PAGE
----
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PEO019-00405

A 3-year-old boy plays with his mother in fall leaves.

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ANI062-00356

A vulnerable adult female white bellied pangolin (Phataginus tricuspis) with her baby, part of Pangolin Conservation, a non-profit organization in Saint Augustine, Florida. This juvenile is only 70 days old. She is the first of her species to be bred in captivity.

Frustratingly, traditional Chinese medicine falsely believes the unique protective keratin scales (the same material as your fingernails) have curative properties. This has resulted in massive illegal taking of pangolins from the wild. With the four species of Asian pangolins becoming endangered, smugglers are now turning their attention to the four found in Africa, including this species.

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ANI062-00357

A vulnerable adult female white bellied pangolin (Phataginus tricuspis) with her baby, part of Pangolin Conservation, a non-profit organization in Saint Augustine, Florida. This juvenile is only 70 days old. She is the first of her species to be bred in captivity.

Frustratingly, traditional Chinese medicine falsely believes the unique protective keratin scales (the same material as your fingernails) have curative properties. This has resulted in massive illegal taking of pangolins from the wild. With the four species of Asian pangolins becoming endangered, smugglers are now turning their attention to the four found in Africa, including this species.

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ANI062-00358

A vulnerable adult female white bellied pangolin (Phataginus tricuspis) with her baby, part of Pangolin Conservation, a non-profit organization in Saint Augustine, Florida. This juvenile is only 70 days old. She is the first of her species to be bred in captivity.

Frustratingly, traditional Chinese medicine falsely believes the unique protective keratin scales (the same material as your fingernails) have curative properties. This has resulted in massive illegal taking of pangolins from the wild. With the four species of Asian pangolins becoming endangered, smugglers are now turning their attention to the four found in Africa, including this species.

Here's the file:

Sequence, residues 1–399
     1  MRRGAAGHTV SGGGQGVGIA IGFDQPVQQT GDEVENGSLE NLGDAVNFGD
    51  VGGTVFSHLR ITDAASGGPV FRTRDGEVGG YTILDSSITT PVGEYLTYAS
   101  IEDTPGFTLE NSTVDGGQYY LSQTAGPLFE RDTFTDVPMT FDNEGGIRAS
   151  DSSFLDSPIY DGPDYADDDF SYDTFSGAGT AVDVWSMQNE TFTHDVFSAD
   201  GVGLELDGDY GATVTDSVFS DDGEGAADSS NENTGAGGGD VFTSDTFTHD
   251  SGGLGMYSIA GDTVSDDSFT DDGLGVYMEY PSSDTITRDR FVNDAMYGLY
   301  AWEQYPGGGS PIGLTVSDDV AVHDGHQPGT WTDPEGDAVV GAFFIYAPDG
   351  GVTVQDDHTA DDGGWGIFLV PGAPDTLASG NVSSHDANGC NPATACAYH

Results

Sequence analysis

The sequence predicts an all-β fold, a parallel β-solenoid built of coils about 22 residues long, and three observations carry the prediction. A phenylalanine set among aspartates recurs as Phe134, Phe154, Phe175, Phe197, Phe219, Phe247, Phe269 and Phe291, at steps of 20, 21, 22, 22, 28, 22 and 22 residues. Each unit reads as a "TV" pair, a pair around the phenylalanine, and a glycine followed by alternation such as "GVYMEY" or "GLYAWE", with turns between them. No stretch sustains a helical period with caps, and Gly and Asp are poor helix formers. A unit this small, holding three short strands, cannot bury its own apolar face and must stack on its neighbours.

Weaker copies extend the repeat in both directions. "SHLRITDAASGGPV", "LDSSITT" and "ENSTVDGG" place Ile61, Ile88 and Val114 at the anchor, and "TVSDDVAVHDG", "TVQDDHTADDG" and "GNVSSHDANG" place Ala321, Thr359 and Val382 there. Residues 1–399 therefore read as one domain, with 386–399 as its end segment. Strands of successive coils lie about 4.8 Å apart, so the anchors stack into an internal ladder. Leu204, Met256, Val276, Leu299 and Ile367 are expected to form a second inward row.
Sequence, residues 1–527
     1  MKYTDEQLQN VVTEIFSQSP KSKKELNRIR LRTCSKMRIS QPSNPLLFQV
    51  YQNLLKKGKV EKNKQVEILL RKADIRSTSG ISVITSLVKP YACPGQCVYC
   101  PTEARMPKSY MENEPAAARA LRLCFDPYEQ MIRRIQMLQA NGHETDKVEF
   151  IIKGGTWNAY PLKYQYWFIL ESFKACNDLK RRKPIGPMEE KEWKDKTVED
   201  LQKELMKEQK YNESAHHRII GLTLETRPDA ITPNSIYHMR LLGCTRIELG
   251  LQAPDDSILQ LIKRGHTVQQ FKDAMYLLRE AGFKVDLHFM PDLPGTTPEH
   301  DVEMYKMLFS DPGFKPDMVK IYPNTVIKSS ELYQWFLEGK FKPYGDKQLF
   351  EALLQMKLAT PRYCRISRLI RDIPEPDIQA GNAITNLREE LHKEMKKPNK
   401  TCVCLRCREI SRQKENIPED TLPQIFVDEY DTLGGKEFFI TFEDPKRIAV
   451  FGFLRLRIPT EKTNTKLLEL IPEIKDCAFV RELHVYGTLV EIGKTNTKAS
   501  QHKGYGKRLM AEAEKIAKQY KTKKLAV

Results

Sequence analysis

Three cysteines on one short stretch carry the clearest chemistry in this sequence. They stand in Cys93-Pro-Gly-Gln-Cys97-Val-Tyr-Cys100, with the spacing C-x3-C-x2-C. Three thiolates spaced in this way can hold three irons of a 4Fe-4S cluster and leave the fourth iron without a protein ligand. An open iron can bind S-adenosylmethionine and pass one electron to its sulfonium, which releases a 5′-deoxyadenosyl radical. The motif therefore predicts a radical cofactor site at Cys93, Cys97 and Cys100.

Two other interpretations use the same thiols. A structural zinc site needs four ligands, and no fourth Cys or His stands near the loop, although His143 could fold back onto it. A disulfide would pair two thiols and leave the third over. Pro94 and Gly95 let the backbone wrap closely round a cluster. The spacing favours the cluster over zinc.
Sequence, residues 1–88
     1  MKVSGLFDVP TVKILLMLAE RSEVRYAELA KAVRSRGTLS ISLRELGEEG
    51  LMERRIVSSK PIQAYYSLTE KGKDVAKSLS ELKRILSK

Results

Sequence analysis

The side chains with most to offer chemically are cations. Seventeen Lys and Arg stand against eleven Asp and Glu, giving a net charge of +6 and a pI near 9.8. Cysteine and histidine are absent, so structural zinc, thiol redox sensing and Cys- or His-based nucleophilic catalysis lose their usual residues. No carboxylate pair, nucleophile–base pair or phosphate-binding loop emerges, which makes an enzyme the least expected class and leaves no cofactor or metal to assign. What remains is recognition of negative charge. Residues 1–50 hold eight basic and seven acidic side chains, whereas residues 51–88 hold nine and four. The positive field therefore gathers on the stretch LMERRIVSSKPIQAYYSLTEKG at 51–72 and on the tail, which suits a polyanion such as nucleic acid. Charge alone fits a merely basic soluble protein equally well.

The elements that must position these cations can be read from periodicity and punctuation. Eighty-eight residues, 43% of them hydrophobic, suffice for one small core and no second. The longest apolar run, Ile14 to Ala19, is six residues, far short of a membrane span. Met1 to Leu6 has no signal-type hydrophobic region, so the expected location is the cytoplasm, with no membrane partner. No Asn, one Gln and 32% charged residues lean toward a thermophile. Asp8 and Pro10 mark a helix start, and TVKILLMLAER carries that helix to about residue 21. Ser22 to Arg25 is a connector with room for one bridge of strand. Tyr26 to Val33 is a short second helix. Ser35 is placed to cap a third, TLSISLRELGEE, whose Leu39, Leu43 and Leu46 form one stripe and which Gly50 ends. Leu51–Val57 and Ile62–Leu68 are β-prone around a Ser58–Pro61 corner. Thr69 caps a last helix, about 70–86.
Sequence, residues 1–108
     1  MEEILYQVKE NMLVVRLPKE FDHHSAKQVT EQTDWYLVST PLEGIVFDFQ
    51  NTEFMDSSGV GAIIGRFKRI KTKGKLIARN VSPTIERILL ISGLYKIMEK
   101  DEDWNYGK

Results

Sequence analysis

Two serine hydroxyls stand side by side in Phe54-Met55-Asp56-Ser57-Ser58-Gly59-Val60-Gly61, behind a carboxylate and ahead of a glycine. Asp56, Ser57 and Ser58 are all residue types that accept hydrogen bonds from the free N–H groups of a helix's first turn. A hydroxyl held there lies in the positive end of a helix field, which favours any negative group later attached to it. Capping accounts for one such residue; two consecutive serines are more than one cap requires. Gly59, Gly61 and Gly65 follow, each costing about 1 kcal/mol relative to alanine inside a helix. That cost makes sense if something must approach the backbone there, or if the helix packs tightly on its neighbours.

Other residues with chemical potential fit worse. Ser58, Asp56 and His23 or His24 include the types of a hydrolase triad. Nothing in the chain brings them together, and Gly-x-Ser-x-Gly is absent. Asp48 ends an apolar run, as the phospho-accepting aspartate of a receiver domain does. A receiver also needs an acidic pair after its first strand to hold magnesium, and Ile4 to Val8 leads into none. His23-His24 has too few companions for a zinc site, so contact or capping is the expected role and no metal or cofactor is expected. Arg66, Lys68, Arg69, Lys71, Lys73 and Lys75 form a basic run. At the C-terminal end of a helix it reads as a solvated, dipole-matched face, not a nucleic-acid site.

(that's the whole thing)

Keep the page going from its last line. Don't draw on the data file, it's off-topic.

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ANI062-00353

A vulnerable adult female white bellied pangolin (Phataginus tricuspis) with her baby, part of Pangolin Conservation, a non-profit organization in Saint Augustine, Florida. This juvenile is only 70 days old. She is the first of her species to be bred in captivity.

Frustratingly, traditional Chinese medicine falsely believes the unique protective keratin scales (the same material as your fingernails) have curative properties. This has resulted in massive illegal taking of pangolins from the wild. With the four species of Asian pangolins becoming endangered, smugglers are now turning their attention to the four found in Africa, including this species.

Photo

ANI062-00354

A vulnerable adult female white bellied pangolin (Phataginus tricuspis) with her baby, part of Pangolin Conservation, a non-profit organization in Saint Augustine, Florida. This juvenile is only 70 days old. She is the first of her species to be bred in captivity.

Frustratingly, traditional Chinese medicine falsely believes the unique protective keratin scales (the same material as your fingernails) have curative properties. This has resulted in massive illegal taking of pangolins from the wild. With the four species of Asian pangolins becoming endangered, smugglers are now turning their attention to the four found in Africa, including this species.